Of Male Bondage 

I Love You, Man: prick flick.

Other than beer commercials, has anything done more for the average American male's romantic possibilities in the last decade than Judd Apatow-related movies? In the past few years, we've seen the girl get gotten by the nerd (The 40-Year-Old Virgin), the schlub (Knocked Up), and the sad-sack (Forgetting Sarah Marshall). Now, with I Love You, Man (directed and co-written by Apatow company man John Hamburg), it's the momma's boy's turn.

Hand in hand with the decline of male stock is the consistent stratospheric quality of the girls he gets. In the same order as the films listed above, there's been Catherine Keener, Katherine Heigl, and Kristen Bell and Mila Kunis. In I Love You, Man, Rashida Jones is up for the taking. Not that skin beauty is a beneficial chlorine to add to our species' gene pool, but as the unremarkable man gets repositioned as Mr. Right in the cultural consciousness, we are all witness to the soft misogyny of lowered expectations.

I Love You, Man starts off with the proposal of Peter (Paul Rudd) to Zooey (Jones). The plot generator kicks in when Zooey immediately calls all her girl friends to share the news, and Peter has no guys worth dialing, much less any worth naming as his best man. Henceforth, realtor Peter goes on a series of blind man dates with predictable but funny results before meeting Sydney Fife (Jason Segel) at an open house. A night of shared brewskis and fish tacos later, and the platonic man crush is on.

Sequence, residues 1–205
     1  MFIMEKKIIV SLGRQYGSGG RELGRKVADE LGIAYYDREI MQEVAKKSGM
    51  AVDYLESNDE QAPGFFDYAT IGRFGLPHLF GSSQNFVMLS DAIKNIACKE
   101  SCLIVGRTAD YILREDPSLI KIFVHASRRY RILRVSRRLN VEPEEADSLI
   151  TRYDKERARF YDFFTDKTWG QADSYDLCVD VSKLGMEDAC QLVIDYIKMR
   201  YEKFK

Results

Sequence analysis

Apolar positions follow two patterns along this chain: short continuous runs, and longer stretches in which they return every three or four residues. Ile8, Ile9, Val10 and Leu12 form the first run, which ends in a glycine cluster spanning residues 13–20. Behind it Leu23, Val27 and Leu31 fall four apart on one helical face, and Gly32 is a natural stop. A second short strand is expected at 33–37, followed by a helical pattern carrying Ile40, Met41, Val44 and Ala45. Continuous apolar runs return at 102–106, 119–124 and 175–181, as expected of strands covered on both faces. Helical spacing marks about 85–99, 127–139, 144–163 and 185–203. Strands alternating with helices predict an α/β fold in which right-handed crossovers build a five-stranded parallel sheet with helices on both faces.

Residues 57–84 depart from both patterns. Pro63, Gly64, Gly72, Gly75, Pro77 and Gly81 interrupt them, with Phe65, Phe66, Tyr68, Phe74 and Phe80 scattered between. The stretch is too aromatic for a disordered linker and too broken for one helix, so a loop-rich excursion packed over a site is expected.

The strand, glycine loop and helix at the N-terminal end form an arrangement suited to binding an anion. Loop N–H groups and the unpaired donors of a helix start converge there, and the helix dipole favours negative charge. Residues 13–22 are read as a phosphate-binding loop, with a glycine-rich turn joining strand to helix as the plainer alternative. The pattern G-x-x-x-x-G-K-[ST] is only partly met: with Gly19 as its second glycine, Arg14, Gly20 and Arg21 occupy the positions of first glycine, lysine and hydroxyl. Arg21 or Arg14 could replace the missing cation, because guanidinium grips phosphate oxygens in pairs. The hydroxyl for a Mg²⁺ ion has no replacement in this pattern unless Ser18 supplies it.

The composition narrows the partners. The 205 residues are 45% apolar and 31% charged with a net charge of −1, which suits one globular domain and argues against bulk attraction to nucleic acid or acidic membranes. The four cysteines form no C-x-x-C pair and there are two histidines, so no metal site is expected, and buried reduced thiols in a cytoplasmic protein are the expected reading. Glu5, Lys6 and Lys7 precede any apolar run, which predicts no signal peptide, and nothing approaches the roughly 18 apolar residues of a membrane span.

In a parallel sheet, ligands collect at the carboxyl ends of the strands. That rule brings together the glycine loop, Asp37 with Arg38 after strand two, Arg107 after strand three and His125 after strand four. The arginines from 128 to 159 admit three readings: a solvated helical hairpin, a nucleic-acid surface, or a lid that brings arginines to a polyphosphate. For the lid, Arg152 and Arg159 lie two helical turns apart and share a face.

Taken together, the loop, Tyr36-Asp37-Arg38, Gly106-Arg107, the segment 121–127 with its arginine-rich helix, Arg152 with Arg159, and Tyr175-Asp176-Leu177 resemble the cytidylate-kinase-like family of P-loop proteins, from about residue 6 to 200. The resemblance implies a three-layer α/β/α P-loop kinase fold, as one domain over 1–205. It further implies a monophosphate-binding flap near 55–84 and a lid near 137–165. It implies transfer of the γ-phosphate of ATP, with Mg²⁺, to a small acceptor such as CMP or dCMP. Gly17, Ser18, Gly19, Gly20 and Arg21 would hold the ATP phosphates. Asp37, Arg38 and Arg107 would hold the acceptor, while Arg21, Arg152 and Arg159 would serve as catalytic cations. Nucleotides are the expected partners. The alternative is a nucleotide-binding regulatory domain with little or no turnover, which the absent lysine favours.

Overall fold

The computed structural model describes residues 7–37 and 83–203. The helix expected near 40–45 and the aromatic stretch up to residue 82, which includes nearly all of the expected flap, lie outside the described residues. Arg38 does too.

Peter, a serial monogamist, never had a reason to have a guy friend. (Zooey tells her gal pals that his best friend is probably his mother.) As such, Peter's in a state of arrested development, a thirtysomething who can't relate to his own gender. He's sensitive to the needs of women without regard to his own. He's a metrosexual without the fashion and hygiene compulsions.

Sydney, an honest and direct man who's completely comfortable in his own skin, takes Peter under his wing, and much of the film — a bona fide prick flick — examines the building blocks of male companionship: how guys talk, boundaries, language, intimacy. Is it any wonder Peter's relationship with Zooey suffers as Sydney passes on the mores of 21st-century manhood, positive and negative?

Like the forthcoming Adventureland, I Love You, Man isn't nearly as funny as it could be. It's not a bad thing in either instance. Rather than incessantly bowling us over with overt comedy, the film opts for chuckles that don't usually diminish the characters.

Or maybe it's just me. As is the case with much of this decade's popular fiction, a lot of the pleasure can be derived from the pop-culture references. It's how today's writers show how smart they are. I Love You, Man fetishizes Lou Ferrigno and the prog-rock band Rush, two touchstones I don't have much use for. If it had been Mr. T and KISS, it probably would've been a different story.

I Love You, Man

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